Each year, I watch my spouse and his colleagues celebrate Engineer’s Week with fun building challenges in the engineering department like egg drops, soap box derby races and balsa bridge building. I wonder what a fun challenge would look like for grant professionals?

Best scored need statement section as judged by peers durig the week?

Most compelling 250 character goal statement as submitted to your local GPA chapter?

Best track record of reaching out to new potential GPA members or new professionals interested in the field?

It isn’t as easy to *see* our work as grant professionals. That is part of why the #grantswork hashtag was started this year. It is a great way to encourage us as grant professionals to highlight the amazing impact of grant funding and the work that we do. So if you are wondering how to celebrate the day or week yourself, whether your colleagues recognize you with a special lunch or other recognition, take a moment to share your #grantswork stories and pat yourself on the back for the impact you are creating through your work as a grant professional. You can check out the #grantswork stories that our team has shared over the past two years here.

How do you plan to celebrate International Grant Professionals Day? Or International Grant Professionals Week? We’d love to hear/see! Share your pictures and stories with us in the comments section on the website, via our social media pages, or by using the hashtag #IGPD.

Thank you for all YOU do to make #grantswork change our communities!

Last week I shared 4 Reasons to Apply to National Funders. Time to follow-up today with research tips.

Weaving through what seems to be mysterious threads of geographic funding, there is always a history and a story behind the funding trail. One key to receiving funding from a national funder is to learn the story of its interests and build a relationship with it. Below are some ways to learn about a potential funder.

7 Tips to Research National Foundations

  1. Find 5-6 national funders that are a good match to approach
  2. Follow social media or sign-up for email notifications from the foundation
  3. Find their issues or theories of change and follow all information on the topics
  4. Ask your staff and board review the funder’s staff and board list for existing relationships
  5. Find a way to meet the funder in-person (fundraising, state-wide foundation, or nonprofit events)
  6. Know your organization’s elevator speech
  7. Patience, persistence and precision (make a correct match and give time for the right opportunity)

If you find a national funder that funds in your state, having a plan can help you win grant awards:

  • Kindly and efficiently get to know the fund’s busy Program Officer;
  • Be a subject matter expert in your field: speak and publish about it often;
  • Create a fundable organization: know your niche, methods, and successes;
  • Create a project model that can be elevated from local to national;
  • Breakdown everything in your NPO to a project and its budget;
  • Realize that a national funder won’t know your local story; and
  • Know that national funders receive four times the applications as a regional funder.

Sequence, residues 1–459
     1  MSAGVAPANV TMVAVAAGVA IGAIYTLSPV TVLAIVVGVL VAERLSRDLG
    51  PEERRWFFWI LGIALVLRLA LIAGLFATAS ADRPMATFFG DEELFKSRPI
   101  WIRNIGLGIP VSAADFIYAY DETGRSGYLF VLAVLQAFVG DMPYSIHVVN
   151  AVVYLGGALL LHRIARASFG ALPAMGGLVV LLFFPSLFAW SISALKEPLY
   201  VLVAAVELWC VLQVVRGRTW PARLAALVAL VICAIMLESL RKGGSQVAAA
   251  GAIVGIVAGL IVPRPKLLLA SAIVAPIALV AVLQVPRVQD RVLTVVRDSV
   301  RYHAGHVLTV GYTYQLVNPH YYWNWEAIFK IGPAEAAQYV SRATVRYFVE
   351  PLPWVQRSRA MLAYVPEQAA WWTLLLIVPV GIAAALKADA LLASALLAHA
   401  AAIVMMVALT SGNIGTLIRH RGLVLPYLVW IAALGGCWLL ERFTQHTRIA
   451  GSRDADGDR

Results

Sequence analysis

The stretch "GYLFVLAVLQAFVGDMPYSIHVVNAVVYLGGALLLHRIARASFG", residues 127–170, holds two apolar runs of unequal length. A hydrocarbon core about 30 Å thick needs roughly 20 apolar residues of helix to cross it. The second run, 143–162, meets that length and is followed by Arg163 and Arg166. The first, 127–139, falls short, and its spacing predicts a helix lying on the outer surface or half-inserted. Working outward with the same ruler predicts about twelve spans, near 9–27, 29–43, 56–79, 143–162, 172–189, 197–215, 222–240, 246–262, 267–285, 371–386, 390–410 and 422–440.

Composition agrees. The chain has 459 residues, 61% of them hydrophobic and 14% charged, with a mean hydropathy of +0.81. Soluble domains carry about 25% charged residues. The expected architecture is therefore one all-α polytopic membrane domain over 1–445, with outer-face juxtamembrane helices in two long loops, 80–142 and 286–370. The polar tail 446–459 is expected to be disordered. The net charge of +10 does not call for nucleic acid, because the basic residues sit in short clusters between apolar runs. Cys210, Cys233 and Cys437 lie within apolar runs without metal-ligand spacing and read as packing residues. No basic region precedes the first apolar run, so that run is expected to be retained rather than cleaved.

Always have national funders in your organization’s prospect sights. It may take longer to build a relationship or receive a grant, but working toward this goal while building capacity with local and regional funders, and your persistence will be rewarded.

Do you have other tips for how you research and approach national foundations? We’d love to hear! Share your tips in the comments section below or with us via email at info@ dhleonardconsulting.com

Prospecting for grant funders is a time-consuming task for nonprofit organizations. Yet it is essential. Many nonprofits begin by finding and building relationships with local funders, then regional, then national.  If your nonprofit has a solid record of receiving, utilizing and reporting well with local and regional funders, it can be time to extend your prospecting reach. There are several reasons to look at national funders, including these four:

 

  1. Your NPO has a program that is replicable in other communities
  2. You need to reach beyond local/regional donor fatigue
  3. You are diversifying your funding sources
  4. Receipt of national funding gives your nonprofit credibility

 

One way to find prospective national funders, is geographic searching. Search for those that fund in your state. Even small family foundations often fund in states outside of which they reside. Why is this? Private and family foundations can move offices when the foundation changes hands between generations or a foundation that began in the north, is now in the south as the funders retired in a warmer climate, but they still fund back “home.” It’s very important to search for national funders by where they fund versus where they are physically located. In my state of Minnesota, over 20% of grant funding originates outside the state and this trend is growing by 2% per year.

 

Does one of those four reasons resonate with you? And now you wonder which national grant maker to consider? Next week, I’ll be sharing “7 Tips to Research National Foundations.”